Arctic research station site chosen
Nunavut community of Cambridge Bay beats out Resolute Bay, Pond Inlet
A hamlet on the Northwest Passage has been chosen as the home for Canada's High Arctic Research Station, Prime Minister Stephen Harper announced Tuesday.
The western Nunavut community of Cambridge Bay has been chosen over Resolute Bay and Pond Inlet to the east. All three sites were shortlisted in 2009 as possible locations.
"This will be a world class centre for science," Harper told reporters on Tuesday. "It will be a tangible expression of this government's determination to develop and protect all of our true North."
Harper was supposed to deliver the news Tuesday morning in the hamlet of 1,500, but heavy winds cancelled his flight out of Churchill, Man. Instead, the prime minister made the announcement in Churchill.
Annual northern tour
Tuesday marked the second day of a five-day Arctic tour that has become an annual event for the prime minister to demonstrate Canada's sovereignty in the North.
The High Arctic Research Station was announced in the 2007 throne speech, and $2 million was allocated for the feasibility study on the proposed station in the 2009 budget.
"By building this leading-edge research station, we are advancing Canada's knowledge of the Arctic's resources and climate while at the same time ensuring that northern communities are prosperous, vibrant and secure," Harper stated in a release.
Cambridge Bay is on the southeastern coast of Victoria Island. Pond Inlet is located near the northern tip of Baffin Island in eastern Nunavut, while Resolute Bay is in central Nunavut, on the southern coast of Cornwallis Island.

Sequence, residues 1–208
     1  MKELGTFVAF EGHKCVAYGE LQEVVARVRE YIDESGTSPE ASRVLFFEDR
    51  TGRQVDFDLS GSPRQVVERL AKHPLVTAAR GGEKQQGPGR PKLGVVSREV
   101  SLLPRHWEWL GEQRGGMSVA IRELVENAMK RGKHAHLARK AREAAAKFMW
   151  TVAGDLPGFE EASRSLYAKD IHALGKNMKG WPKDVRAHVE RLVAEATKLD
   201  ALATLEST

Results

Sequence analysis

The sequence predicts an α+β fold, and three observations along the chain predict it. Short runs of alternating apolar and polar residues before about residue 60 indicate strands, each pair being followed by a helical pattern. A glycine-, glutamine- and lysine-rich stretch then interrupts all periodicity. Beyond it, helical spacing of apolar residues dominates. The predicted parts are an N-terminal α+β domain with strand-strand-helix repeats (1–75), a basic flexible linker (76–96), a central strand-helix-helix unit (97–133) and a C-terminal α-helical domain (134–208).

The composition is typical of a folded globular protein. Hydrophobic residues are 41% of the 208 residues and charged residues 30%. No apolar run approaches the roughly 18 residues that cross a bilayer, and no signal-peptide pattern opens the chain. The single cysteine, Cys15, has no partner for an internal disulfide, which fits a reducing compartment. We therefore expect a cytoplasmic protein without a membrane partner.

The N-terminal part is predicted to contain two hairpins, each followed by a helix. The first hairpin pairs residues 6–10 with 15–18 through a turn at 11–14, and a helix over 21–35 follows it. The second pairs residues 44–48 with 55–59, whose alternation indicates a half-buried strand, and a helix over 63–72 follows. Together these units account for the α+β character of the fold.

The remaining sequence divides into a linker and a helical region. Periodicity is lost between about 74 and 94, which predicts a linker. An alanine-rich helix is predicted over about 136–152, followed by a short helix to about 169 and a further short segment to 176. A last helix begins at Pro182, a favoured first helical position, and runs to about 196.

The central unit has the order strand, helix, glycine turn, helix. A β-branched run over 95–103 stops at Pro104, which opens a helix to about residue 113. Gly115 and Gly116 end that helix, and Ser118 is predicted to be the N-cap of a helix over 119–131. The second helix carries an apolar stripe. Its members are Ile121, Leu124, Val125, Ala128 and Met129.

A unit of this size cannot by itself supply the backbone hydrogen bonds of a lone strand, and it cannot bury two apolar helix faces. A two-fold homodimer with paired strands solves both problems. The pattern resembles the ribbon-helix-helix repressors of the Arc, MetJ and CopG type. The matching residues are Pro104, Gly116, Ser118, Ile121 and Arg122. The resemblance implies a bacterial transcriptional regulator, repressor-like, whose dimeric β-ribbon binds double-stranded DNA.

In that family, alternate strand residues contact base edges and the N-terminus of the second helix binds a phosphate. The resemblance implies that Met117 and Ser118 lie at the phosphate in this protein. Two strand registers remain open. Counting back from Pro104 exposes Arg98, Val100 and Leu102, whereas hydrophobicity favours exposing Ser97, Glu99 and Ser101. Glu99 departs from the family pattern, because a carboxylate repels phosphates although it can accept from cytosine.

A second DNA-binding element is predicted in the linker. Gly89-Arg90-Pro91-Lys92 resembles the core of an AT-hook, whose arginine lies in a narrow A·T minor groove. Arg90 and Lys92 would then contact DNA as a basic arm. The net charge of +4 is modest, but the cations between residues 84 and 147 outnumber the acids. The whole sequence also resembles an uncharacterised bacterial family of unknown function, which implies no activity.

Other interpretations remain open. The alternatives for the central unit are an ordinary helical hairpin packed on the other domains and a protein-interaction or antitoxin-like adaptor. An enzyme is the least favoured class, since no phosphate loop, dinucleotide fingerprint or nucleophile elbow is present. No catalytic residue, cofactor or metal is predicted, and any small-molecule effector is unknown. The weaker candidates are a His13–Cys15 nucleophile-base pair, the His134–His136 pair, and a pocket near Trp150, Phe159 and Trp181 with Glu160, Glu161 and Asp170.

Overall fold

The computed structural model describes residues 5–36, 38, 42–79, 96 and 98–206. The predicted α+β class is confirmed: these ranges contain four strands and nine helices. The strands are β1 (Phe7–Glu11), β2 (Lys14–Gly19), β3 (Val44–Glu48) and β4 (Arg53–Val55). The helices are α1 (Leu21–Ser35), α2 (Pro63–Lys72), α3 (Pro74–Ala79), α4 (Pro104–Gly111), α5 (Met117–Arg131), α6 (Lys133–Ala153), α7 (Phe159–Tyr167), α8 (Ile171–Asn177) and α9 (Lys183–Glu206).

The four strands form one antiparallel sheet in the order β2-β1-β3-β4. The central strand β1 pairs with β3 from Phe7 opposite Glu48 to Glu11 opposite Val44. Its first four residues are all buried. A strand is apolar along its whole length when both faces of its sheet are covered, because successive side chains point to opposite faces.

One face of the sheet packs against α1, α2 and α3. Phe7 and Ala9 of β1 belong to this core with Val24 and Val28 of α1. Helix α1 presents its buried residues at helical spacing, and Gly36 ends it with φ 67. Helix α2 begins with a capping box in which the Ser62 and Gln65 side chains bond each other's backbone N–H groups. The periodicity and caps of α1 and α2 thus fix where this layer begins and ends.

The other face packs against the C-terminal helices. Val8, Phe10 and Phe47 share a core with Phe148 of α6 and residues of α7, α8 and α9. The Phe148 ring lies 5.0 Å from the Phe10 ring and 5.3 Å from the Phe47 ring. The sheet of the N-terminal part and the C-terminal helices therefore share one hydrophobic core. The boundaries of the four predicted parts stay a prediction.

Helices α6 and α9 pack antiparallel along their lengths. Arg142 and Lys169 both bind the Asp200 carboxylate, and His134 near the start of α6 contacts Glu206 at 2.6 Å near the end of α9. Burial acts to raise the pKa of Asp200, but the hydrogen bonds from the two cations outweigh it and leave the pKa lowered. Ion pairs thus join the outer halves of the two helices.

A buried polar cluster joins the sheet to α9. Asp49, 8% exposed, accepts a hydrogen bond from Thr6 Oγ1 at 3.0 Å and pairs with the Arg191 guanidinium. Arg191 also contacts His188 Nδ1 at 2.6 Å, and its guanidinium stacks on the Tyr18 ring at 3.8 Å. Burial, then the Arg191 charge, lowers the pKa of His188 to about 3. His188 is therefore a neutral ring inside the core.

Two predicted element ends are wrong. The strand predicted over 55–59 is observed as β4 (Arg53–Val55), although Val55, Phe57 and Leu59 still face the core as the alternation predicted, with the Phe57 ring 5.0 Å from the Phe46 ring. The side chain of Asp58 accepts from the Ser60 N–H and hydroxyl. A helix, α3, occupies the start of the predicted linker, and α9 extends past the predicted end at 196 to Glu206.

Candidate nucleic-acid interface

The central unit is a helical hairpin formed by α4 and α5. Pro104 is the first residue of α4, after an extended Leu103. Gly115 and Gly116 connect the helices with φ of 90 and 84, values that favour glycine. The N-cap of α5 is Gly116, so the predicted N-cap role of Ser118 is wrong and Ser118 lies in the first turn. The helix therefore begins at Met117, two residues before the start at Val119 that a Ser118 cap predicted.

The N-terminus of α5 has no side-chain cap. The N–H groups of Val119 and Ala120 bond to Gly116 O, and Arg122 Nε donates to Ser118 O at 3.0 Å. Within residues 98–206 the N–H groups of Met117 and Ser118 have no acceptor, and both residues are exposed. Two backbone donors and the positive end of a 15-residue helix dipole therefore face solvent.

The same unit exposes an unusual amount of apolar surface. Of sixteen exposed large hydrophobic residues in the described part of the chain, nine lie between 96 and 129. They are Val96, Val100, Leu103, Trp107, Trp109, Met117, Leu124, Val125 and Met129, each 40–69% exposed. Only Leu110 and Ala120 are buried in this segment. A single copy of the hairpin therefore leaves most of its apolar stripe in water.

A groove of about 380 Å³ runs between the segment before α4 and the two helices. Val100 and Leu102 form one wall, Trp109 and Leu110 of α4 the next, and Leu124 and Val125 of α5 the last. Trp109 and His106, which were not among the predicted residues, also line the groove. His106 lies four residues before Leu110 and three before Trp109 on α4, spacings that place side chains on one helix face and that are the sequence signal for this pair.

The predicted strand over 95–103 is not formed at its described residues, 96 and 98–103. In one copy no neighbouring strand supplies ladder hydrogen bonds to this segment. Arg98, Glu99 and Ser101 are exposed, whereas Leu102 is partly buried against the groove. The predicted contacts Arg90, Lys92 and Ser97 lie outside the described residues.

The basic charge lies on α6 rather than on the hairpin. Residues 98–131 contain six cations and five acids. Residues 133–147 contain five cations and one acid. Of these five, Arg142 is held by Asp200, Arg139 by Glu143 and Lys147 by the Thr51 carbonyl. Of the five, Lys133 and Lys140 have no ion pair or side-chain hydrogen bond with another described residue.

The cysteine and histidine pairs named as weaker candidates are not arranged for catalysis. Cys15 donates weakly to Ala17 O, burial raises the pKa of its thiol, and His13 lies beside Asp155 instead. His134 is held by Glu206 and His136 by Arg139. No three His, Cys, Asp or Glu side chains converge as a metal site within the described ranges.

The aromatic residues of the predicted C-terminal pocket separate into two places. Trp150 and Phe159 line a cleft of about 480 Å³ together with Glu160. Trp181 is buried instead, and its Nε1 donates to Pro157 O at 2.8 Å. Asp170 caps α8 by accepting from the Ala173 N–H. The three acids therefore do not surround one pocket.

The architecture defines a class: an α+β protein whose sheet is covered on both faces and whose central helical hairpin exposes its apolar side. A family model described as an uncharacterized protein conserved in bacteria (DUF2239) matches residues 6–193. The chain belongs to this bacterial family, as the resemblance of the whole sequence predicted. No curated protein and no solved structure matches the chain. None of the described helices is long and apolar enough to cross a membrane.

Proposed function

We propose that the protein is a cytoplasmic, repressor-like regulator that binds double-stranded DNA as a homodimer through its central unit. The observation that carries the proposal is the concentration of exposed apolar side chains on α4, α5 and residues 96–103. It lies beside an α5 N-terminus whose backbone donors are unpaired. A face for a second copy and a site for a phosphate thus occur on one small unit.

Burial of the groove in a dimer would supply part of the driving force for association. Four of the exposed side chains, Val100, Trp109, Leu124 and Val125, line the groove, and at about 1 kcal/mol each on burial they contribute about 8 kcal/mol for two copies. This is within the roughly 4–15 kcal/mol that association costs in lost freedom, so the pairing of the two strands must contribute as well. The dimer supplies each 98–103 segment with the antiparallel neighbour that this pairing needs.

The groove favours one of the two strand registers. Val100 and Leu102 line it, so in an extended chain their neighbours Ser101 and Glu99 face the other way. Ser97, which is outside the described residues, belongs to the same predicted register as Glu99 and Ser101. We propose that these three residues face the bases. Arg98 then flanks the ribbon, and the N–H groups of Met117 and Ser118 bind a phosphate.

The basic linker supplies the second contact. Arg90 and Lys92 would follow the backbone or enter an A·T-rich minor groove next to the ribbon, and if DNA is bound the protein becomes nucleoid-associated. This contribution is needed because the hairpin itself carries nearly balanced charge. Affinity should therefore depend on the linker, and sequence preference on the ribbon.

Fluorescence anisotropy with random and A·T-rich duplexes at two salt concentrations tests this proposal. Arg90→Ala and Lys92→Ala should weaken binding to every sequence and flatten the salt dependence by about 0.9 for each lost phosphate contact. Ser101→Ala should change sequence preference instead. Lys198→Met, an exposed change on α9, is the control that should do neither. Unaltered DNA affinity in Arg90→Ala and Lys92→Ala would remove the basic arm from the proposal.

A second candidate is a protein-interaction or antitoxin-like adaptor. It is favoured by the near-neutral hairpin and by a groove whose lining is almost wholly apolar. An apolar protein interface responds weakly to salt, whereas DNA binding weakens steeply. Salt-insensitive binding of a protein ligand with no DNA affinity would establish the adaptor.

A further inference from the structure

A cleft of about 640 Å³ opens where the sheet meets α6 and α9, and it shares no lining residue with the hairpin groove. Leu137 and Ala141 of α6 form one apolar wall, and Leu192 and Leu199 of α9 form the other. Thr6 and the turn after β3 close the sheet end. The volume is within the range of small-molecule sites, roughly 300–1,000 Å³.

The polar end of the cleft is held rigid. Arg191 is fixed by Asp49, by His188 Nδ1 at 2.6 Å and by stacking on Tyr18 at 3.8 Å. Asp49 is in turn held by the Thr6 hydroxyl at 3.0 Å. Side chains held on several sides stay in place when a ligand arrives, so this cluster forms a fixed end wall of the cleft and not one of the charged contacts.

John England, a longtime Arctic researcher at the University of Alberta, is pleased with the chosen location.
Michael Byers, a University of British Columbia legal expert in global politics and international law, thought Resolute Bay's existing Polar Continental Shelf research centre made it a better location.
He said more than 40 years of High Arctic research has been based out of Resolute, a community of 200 people more than 700 kilometres northeast of Cambridge Bay.
"The logical choice was to go there and not to develop a parallel capacity in a second Arctic community," said Byers, who also ran for the New Democrats in the 2008 federal election.
However, Cambridge Bay's higher population may make it more attractive for scientists who move there with their families.
Eric Kitigon, 17, works part time at a store in Cambridge Bay. He learned at school that the research station was coming to his community. He hopes it will create jobs and provide a chance for Arctic scientists to mingle with community residents.
"If they become close with all the locals," he said, "then I guess they'd take the scientists out hunting."